Morsy and Ahmadinejad 370.
(photo credit: reuters)
‘I am not going to be ignored,” Glenn Close declares in one of the most riveting
scenes of Fatal Attraction, the thriller that captivated movie audiences 25
years ago. That fundamental human desire to be loved, or at least be treated
with kindness and respect, endures. And it applies as much to nations as to
Today’s Iranian leaders are not uttering those exact words,
Fatal Attraction-style. But President Mahmoud Ahmadinejad, Supreme Leader
Ayatollah Khamenei and other senior officials are quite clear that they will not
Indeed, the United States, the European Union and other
countries genuinely concerned about Iran’s nuclear program have not been
ignoring Tehran at all. The cumulative, tightening sanctions, the verbal White
House commitment that “all options are on the table” to prevent Iran from
building a nuclear weapon, and widespread public speculation on possible Israeli
or American military action show that Iran is a top concern.
not the kind of attention this regime craves. What Ahmadinejad and Khamenei most
desire is respect, and they want it on their terms. Iran has a long, proud
history. By dint of geography, population and oil resources Iran is naturally
dominant in the region, and aspires to be a global player as
Hosting the Non-Aligned Movement summit in Tehran was a sensational
diplomatic achievement. Some observers discount the role and purpose of the NAM,
founded in 1961 to give organizational space to those countries that aligned
neither with the US nor the Soviet Union. This Cold War artifact, however, has
greatly expanded as dozens more countries achieved independence and gravitated
to what’s become the largest bloc in the UN General Assembly.
been waiting patiently to take over the NAM helm, having won election three
years ago as chair without any objection from the other NAM members. The closing
session of the summit in Tehran anointed Venezuela to assume the mantle of
leadership in 2015.
Leaders of Arab countries that are reportedly very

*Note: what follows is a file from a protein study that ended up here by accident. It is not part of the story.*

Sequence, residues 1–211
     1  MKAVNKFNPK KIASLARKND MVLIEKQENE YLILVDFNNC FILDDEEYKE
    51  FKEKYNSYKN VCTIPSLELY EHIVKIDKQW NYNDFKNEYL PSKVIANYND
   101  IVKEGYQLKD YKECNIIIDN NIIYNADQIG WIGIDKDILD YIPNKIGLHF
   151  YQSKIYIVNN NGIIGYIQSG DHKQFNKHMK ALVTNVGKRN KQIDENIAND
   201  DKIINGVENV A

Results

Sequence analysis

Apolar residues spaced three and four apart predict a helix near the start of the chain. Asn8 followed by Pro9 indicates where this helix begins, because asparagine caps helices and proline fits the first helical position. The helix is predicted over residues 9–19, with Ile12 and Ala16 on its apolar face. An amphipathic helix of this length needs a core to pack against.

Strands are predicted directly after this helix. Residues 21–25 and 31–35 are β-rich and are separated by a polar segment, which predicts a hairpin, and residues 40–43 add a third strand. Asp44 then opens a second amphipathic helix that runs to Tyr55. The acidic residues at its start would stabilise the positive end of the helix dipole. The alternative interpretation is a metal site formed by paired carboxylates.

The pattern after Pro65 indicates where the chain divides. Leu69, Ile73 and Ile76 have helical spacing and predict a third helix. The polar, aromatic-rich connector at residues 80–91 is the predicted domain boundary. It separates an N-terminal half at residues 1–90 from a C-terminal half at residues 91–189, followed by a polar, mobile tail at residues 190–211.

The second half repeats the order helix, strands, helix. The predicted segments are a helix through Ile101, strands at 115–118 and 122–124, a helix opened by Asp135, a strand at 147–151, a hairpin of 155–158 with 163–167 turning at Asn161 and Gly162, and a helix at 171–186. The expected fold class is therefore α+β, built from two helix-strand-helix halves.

worried about Iran’s nuclear ambitions nevertheless came across the Gulf to
attend the NAM summit, and by their presence bestowed respect on its host,
Ahmadinejad. Indeed, only two weeks earlier, the Iranian president was welcomed
in Riyadh by Saudi King Abdullah for the Organization of the Islamic Conference
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The NAM summit attracted representatives of nearly all 120
members, including 29 heads of state. Even UN Secretary General Ban Ki-moon did
not stay away, despite Iran’s total disregard for two UN agencies, the Security
Council and the International Atomic Energy Agency (IAEA).
Could not one
NAM country have separated itself from Iran’s dangerous course? Or is the
commitment to this bloc of nations so attractive that world leaders
instinctively set aside any concerns they may have about the host nation? Even
as the NAM bloc gathered in the conference hall, the IAEA issued a fresh report
affirming that in the past three months alone Iran has accelerated its nuclear
program, installing hundreds more enrichment centrifuges, while refusing to
disclose details on current and planned activities at nuclear research and
development sites across the country.
Iran’s leaders are undoubtedly
pleased that NAM members, like lemmings, unanimously endorsed Iran’s right to a
full nuclear fuel cycle to enrich uranium.
Iranian leaders also think
that their vision of expanding their 1979 revolution is bearing fruit. Foreign
Minister Ali Akbar Salehi proclaimed, in a recent Washington Post oped, that
what so many call the Arab Spring is actually the Islamic Awakening. They are
encouraged by the ascendance of Islamic political parties in Egypt, Libya and
There is but one exception to their praise for Arab uprisings –
Syria. Iran fully supports Syrian President Bashar Assad and endorses his view
that the regime’s opponents, young and old, are “terrorists” backed by
Iran is even more explicit than Syria itself, fingering the
US and Israel as the culprits.
But in regard to Syria, Iran stands alone
in the Muslim world. Iran failed to stop the OIC from suspending Syria’s
membership and could not get NAM agreement to back Assad in his battle for
regime survival. With Iranian troops in Syria and an open spigot of arms and
money, Iran will not relent.
Unfortunately for the Syrian people, their
situation has not risen to the level of global concern that has been paid to
Iran’s nuclear program. Innumerable efforts have been made by the UN and the
IAEA to deal with Iran. The US, together with the other four permanent members
of the Security Council and Germany, have several times given Tehran the respect
it desires by sitting at the same table with Iran’s leaders.
Iran is not
being ignored. But many nations are not paying full attention to the imminent
dangers that Iran’s nuclear program entails.The writer is the American
Jewish Committee’s director of media relations.
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